Braiding of submarine channels controlled by aspect ratio similar to rivers

Brady Z. Foreman, Steven Y.J. Lai, Yuhei Komatsu, Chris Paola

Research output: Contribution to journalArticlepeer-review

12 Citations (Scopus)

Abstract

The great majority of submarine channels formed by turbidity and density currents are meandering in planform; they consist of a single, sinuous channel that transports a turbid, dense flow of sediment from submarine canyons to ocean floor environments. Braided turbidite systems consisting of multiple, interconnected channel threads are conspicuously rare. Furthermore, such systems may not represent the spontaneous planform instability of true braiding, but instead result from erosive processes or bathymetric variability. In marked contrast to submarine environments, both meandering and braided planforms are common in fluvial systems. Here we present experiments of subaqueous channel formation conducted at two laboratory facilities. We find that density currents readily produce a braided planform for flow aspect ratios of depth to width that are similar to those that produce river braiding. Moreover, we find that stability model theory for river planform morphology successfully describes submarine channels in both experiments and the field. On the basis of these observations, we propose that the rarity of braided submarine channels is explained by the generally greater flow depths in submarine systems, which necessitate commensurately greater widths to achieve the required aspect ratio, along with feedbacks among flow thickness, suspended sediment concentration and channel relief that induce greater levee deposition rates and limit channel widening.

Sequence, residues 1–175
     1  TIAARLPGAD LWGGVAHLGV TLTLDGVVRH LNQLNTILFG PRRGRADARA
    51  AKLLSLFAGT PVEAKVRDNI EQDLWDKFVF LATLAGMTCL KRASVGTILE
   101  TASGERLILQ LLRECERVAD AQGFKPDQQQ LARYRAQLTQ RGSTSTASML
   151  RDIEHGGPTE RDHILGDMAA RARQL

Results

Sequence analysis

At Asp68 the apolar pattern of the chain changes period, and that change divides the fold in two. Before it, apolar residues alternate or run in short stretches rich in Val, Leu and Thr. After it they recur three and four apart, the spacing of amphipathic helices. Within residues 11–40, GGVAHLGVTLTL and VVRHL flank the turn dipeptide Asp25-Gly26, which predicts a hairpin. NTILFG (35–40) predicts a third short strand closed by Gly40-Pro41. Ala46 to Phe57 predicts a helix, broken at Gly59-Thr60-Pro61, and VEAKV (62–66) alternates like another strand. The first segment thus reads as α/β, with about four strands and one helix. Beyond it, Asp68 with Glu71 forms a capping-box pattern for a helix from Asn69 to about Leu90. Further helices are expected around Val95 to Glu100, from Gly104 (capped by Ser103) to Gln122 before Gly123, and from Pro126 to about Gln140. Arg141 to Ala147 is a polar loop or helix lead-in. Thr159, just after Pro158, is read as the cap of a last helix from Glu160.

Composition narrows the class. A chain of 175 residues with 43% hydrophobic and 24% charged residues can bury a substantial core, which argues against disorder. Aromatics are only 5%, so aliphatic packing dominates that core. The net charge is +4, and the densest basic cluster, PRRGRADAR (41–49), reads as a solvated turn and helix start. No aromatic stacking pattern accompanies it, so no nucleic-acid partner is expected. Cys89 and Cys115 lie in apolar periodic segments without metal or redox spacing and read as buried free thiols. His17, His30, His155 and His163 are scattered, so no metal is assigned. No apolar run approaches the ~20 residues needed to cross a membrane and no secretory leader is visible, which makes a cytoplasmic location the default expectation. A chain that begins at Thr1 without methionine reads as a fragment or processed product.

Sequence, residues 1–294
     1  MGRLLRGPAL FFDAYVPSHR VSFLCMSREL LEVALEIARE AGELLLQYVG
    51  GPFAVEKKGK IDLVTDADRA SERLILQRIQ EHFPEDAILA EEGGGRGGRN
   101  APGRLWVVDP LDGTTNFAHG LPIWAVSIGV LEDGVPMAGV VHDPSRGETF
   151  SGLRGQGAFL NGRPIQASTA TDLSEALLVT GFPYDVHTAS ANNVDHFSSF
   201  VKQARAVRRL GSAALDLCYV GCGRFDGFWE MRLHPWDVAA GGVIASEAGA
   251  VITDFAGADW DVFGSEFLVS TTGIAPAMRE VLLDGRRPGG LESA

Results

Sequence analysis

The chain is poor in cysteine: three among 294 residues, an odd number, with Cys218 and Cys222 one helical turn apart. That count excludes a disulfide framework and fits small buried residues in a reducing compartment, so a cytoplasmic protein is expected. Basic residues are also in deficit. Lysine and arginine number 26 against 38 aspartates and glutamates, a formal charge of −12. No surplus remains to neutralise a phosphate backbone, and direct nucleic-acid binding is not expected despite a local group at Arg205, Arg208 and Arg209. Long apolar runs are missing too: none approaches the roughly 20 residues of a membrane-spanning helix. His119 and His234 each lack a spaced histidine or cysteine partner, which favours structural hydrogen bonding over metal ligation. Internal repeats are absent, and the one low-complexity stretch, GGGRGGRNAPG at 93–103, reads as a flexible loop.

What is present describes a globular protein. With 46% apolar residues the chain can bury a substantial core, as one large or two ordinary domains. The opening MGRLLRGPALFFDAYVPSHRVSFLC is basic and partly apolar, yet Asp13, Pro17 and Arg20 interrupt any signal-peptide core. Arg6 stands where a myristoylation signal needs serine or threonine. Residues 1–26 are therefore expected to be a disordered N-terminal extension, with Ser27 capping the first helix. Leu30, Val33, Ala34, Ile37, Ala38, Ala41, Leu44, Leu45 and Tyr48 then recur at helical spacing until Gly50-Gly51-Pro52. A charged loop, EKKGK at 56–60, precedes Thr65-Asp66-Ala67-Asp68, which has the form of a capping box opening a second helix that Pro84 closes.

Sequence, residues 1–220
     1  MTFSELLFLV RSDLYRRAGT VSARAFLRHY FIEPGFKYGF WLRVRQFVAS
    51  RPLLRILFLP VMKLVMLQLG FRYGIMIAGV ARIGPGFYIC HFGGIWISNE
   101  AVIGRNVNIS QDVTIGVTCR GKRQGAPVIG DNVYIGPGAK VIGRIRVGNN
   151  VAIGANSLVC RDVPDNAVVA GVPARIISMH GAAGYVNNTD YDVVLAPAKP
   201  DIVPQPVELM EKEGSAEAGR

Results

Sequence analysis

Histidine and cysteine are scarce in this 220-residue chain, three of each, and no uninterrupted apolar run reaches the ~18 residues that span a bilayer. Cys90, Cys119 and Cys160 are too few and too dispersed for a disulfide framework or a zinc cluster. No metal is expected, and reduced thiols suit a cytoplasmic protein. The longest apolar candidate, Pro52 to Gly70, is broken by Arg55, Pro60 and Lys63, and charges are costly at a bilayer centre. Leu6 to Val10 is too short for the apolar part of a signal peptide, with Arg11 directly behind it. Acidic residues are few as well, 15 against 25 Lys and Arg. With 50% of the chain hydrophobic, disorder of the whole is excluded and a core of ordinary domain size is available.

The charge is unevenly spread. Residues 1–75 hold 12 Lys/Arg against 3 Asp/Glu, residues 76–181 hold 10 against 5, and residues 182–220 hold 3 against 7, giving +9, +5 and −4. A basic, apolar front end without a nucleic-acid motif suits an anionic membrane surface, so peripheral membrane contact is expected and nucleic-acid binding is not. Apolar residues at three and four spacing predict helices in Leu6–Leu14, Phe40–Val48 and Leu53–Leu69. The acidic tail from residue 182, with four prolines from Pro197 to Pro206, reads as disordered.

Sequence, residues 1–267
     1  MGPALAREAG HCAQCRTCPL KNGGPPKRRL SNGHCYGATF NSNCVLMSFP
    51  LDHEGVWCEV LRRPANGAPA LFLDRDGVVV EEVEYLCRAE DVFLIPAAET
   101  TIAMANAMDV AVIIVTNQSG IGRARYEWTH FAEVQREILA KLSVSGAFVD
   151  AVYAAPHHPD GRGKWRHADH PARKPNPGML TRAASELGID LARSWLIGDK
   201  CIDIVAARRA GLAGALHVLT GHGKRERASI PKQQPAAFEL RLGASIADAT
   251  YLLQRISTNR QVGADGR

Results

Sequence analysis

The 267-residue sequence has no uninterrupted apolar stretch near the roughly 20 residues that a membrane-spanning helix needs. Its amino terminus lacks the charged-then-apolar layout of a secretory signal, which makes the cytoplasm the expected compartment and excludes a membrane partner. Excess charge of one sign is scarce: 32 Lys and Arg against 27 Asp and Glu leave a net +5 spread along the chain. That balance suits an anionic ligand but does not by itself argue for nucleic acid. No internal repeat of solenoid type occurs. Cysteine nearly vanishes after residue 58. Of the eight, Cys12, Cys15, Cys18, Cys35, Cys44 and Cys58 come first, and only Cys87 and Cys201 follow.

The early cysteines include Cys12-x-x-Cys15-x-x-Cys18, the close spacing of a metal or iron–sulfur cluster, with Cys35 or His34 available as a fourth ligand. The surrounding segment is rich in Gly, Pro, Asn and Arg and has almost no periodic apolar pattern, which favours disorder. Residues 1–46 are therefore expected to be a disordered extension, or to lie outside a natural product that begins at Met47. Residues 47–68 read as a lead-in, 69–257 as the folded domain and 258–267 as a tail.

Original languageEnglish
Pages (from-to)700-703
Number of pages4
JournalNature Geoscience
Volume8
Issue number9
DOIs
Publication statusPublished - 2015 Oct 1

All Science Journal Classification (ASJC) codes

  • Earth and Planetary Sciences(all)

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